Monday, March 2, 2020

The Gulf by Belle Boggs

I heard an interview with Belle Boggs discussing this novel on the Bookin’ podcast, so I was a little disappointed to have missed the first two thirds of her reading/conversation with Tupelo Hassman at the NC Book Festival last weekend. The premise of The Gulf places the book exactly in my wheelhouse; a low residency school for evangelical Christians that is at least partially a scam run by a couple of atheists. As an agnostic and former evangelical, this is irresistible to me.

Satirizing evangelicals can go off the rails really easily. The Abstinence Teacher, for instance, is a funny and well-written book. It is also incredibly condescending. Even though I mostly agreed with its politics, its portrayal of christians had no counterweight; the only christian in the book who was written as a well rounded character eventually abandoned it. As someone who also abandoned the faith, that is a tempting narrative. But it is entirely too easy to mock a group of people while not allowing them to be fully formed people, and I couldn’t stand it. As Kim Stanley Robinson said at the Festival, quoting or paraphrasing someone, I believe, “You have an ideology, and I have a well formed political theory,” and, “ideologies are an imaginary relationship to something real.” It is easy to cast the other side in the worst light, and ignore one’s own faults. Fortunately, Boggs understands this. As a poetry instructor tells Janine Gray, one of the poets at the school in The Gulf, referring to Terry Schiavo, the subject of her poem cycle, "You must allow her some complexity, Janine. If you're going to invite yourself into someone else's mind you have to accept that it's messy in there." I was on edge the entire time. Was Boggs going to make her Christian characters merely gullible rubes? Fortunately she landed the ship without falling into that trap.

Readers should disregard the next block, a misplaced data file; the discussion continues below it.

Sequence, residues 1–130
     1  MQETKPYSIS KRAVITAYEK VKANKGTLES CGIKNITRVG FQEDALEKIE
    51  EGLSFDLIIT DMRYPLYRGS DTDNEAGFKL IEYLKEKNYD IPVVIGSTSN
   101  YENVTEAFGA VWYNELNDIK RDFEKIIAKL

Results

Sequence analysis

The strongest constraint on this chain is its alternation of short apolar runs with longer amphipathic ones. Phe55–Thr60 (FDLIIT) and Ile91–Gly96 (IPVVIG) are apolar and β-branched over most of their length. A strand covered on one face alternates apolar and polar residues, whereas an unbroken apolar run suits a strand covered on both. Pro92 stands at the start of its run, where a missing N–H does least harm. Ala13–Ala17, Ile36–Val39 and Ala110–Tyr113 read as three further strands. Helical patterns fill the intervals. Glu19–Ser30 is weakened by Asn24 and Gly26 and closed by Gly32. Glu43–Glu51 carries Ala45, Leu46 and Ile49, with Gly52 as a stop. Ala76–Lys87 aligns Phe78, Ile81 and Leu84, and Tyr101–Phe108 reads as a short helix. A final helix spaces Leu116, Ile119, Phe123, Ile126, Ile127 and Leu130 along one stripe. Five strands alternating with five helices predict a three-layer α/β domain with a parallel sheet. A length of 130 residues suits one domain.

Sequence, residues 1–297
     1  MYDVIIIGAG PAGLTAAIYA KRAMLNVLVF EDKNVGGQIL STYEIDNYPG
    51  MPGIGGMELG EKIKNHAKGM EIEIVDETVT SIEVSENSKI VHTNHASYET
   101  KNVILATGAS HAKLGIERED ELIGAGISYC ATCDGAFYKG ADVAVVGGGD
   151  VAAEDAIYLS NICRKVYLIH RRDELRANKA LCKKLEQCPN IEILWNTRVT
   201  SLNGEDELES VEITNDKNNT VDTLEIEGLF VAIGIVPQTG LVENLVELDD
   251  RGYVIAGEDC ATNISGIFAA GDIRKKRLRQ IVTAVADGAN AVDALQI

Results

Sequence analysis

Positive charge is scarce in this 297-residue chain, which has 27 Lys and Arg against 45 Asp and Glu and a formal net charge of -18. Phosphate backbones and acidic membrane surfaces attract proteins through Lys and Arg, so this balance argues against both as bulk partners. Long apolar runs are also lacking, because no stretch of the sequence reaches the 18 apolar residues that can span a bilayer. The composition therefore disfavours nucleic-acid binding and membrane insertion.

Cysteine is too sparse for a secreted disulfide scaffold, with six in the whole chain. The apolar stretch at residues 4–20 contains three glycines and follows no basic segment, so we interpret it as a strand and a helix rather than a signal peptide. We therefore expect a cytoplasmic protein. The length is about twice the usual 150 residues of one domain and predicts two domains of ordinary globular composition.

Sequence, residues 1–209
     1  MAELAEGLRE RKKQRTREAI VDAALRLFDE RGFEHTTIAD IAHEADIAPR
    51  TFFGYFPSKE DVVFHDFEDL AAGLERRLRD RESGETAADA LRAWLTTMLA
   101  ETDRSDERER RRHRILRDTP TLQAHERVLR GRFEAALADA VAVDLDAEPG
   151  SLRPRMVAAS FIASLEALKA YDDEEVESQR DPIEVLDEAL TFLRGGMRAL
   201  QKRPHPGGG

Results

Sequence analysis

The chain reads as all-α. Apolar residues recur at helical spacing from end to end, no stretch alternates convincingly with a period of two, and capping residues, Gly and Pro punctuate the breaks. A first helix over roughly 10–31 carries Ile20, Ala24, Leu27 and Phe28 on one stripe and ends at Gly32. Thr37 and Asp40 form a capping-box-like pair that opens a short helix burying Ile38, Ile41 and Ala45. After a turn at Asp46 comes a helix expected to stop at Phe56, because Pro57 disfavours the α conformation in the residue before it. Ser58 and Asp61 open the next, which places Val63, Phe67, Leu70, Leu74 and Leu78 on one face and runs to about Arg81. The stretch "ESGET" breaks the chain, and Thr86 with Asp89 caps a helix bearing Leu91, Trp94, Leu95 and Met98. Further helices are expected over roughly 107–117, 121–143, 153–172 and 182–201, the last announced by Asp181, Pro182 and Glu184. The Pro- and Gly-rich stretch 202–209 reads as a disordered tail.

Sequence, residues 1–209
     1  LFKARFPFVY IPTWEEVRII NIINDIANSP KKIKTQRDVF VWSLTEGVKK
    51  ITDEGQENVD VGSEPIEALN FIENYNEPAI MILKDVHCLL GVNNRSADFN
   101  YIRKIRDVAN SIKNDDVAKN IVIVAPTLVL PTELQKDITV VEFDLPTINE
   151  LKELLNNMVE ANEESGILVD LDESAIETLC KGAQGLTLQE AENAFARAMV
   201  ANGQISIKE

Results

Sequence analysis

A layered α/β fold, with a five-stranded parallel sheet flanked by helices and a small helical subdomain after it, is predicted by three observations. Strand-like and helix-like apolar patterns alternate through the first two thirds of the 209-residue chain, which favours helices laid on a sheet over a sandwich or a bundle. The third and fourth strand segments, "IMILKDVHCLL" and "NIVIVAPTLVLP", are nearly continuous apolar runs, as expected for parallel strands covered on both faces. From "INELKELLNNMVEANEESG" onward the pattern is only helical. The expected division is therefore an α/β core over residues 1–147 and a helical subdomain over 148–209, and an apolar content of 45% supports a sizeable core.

That said, some Christians might be gullible rubes. Marianne Stuart, an atheist from Virginia who moved to NYC to write poetry,  makes an off-handed joke to Eric Osborne, her then boyfriend, that they should make a low residency writing school to rip off evangelicals. She doesn’t take it seriously but years later, Eric, now her ex-fiance, actually sets it up with his brother and a relatively rich aunt. The novel opens as Marianne is sorting through the applications for the program, which will take place at an abandoned hotel owned by Eric’s aunt on the Gulf Coast of Florida. While the situation is very funny, Boggs very wisely doesn’t go for cheap laughs; rather she makes it into an ethical dilemma for Marianne. The school gets off to a better than expected start, and Marianne really questions her involvement. This self questioning only intensifies when Eric’s brother brings a company that runs right wing diploma mills for extra funding.